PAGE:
10. Again, that is far too complex for me.

        My question is fairly simple: a developer builds a project with “X” bedrooms. (It’s micro-housing.)
        He wants to provide “less than X” parking spaces. It’s on a bus-line and with bike distance of a university.

        Many Eastlake residents complain bitterly that the project won’t have enough parking; the developer says otherwise.

        So what is the empirical — based on real projects which have been studied — way of determining a “reasonable” number of on-site parking spaces?

        And you are the building department head and you MUST make a decision. The developer will of course say X. But you must read developer’s plan with your own background/analysis/critique. So what is your analytical framework? Plus of course you have neighbors who are watching every move so you have to document it.

        Of course you have to make assumptions but one has to start somewhere.

        I am a bit surprised that no one is aware of such empirical studies. It would seem to be fairly obvious: as a start (at least) you survey, say, 20 micro-housing projects and COUNT THE CARS in the parking lot at 2 AM. How many spaces? How many cars parked? etc etc Obviously you have to look at before/after on-street parking and whether there is extra fee for parking etc etc. You talk to building managers and talk to tenants. But that at least gives you some start and someone must have done it.

        Anyway, I thank your for responses very much. But, so far, it sounds as if I am asking the wrong group; no one here actually knows, or cares, anything about empirical patterns of parking in micro-housing.

      11. To the particular point… in this comment section there are lots of people that put little value on parking being cheap, or existing users of curb spaces being protected perpetually. I’m one of these people. Since I don’t value these things much, I’m willing to leave details of parking provision to developers. Or if it turns out our city is full of people that value them a lot, then maybe the city can regulate them. If so, it should do so with the understanding it’s necessarily doing something political when it does.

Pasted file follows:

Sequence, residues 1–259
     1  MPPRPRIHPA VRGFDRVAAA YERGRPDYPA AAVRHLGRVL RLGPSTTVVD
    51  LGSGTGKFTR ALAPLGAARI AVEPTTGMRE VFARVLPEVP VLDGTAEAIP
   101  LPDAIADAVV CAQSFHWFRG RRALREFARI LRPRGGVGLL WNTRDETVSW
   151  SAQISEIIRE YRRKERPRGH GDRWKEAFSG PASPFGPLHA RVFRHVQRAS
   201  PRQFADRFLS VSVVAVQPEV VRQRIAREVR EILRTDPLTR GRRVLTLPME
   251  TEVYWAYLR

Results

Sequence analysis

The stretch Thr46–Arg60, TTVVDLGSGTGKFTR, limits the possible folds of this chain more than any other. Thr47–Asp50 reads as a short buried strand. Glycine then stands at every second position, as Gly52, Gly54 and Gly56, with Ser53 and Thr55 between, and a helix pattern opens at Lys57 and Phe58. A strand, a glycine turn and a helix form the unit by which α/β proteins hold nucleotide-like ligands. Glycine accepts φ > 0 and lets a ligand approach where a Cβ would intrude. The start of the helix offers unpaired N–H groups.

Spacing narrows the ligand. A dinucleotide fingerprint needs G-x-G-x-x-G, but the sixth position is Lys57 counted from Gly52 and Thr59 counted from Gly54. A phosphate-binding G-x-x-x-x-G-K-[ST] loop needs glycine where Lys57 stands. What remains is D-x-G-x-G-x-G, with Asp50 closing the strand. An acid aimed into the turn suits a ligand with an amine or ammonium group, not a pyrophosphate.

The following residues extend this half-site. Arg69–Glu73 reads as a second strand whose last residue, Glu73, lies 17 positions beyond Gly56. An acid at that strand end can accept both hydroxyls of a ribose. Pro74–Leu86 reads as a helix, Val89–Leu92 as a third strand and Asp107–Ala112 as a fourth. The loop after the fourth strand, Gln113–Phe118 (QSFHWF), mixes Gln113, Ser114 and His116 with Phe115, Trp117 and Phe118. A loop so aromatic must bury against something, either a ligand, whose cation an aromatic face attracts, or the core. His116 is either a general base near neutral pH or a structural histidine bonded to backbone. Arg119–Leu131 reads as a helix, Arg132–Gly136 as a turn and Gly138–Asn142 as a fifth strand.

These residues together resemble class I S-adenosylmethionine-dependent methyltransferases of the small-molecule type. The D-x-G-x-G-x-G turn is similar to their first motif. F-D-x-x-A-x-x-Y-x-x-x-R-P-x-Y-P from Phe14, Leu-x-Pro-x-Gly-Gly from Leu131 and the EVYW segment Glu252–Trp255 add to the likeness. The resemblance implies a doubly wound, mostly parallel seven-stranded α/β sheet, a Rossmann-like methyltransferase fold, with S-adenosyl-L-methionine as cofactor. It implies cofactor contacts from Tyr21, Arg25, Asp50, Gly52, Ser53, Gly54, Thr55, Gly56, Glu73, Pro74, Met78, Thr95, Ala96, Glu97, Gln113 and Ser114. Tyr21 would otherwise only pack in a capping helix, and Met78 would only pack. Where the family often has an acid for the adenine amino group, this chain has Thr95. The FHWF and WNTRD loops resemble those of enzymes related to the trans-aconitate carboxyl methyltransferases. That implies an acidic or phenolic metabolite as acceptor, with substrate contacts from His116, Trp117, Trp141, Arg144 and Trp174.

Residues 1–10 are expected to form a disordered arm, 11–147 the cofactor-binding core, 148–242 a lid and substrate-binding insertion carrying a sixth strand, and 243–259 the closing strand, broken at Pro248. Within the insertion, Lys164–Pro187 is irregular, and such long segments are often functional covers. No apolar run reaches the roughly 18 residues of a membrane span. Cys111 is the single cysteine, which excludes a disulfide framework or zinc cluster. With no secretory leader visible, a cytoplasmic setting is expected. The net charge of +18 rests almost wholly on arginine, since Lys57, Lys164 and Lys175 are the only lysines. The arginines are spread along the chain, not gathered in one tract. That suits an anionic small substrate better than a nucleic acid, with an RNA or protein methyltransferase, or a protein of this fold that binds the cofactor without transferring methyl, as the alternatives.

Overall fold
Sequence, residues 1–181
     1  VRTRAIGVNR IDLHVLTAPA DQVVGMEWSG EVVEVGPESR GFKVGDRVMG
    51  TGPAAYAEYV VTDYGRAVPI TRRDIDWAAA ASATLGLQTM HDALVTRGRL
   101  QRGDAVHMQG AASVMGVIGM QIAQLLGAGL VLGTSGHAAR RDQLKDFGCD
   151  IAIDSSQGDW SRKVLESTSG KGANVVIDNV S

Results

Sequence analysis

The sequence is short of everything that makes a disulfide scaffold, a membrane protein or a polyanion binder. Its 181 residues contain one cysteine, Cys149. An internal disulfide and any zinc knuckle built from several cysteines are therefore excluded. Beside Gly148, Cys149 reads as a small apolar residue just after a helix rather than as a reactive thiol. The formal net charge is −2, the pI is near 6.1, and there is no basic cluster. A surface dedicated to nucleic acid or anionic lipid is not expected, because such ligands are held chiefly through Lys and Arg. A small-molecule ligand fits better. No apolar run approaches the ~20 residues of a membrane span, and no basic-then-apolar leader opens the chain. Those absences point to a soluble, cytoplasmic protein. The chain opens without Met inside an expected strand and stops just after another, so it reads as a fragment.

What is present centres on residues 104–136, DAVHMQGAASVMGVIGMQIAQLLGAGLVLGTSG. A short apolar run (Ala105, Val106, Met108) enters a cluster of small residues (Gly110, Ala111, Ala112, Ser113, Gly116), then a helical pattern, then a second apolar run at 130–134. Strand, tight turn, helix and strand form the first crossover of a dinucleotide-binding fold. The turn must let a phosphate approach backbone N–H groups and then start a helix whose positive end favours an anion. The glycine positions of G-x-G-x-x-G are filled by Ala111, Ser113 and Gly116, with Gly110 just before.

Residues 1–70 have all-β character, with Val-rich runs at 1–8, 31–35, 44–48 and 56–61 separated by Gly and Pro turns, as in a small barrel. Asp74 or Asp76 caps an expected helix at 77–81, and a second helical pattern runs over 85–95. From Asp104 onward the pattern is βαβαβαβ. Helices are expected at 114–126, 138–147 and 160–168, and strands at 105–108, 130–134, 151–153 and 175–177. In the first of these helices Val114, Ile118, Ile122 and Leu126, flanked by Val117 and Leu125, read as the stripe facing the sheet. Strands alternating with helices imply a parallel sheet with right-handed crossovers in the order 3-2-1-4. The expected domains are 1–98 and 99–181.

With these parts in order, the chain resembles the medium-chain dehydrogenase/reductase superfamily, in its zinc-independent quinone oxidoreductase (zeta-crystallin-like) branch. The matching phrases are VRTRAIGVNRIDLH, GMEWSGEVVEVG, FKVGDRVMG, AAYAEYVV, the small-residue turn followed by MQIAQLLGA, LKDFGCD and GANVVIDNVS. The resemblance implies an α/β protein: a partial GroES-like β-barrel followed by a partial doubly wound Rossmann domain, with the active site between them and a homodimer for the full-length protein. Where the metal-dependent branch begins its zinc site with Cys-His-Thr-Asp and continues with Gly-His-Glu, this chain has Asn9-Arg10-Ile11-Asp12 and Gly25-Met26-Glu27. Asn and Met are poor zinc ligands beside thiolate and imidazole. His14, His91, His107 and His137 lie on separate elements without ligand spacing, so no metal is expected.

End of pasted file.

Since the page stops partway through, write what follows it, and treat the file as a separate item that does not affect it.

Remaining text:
12. I’m actually not a fan of leaving the number of parking spaces up to developers. I think new housing within a certain distance of an all-day passenger train station should come without parking, and with an understanding that the residents may not even qualify for neighborhood parking permits. If they want to get around by car, they are moving into the wrong place, as part of the cost of rent in that vicinity will be because of the fact of the train station. Parking spaces will just raise the rent more, including for those who don’t use it, will reduce the number of housing units that get built, and will allow people who won’t take advantage of our enormous investment in public transit to crowd out people who would.

        As a matter of social engineering, encouraging developers to build parking for new residents around trains stations is just a bad idea all around.

        I’d suggest a moratorium on allowing parking to be built within a quarter mile of Link stations, rather than the current mean-spirited efforts to put moratoria on building housing.

      13. Brent, that’s too extreme. The area around a transit station is a reasonable place for a parking maximum and a zero minimum. I think it makes sense to let a developer, along with his financiers to figure out what the appropriate amount of parking for the site is within those limits.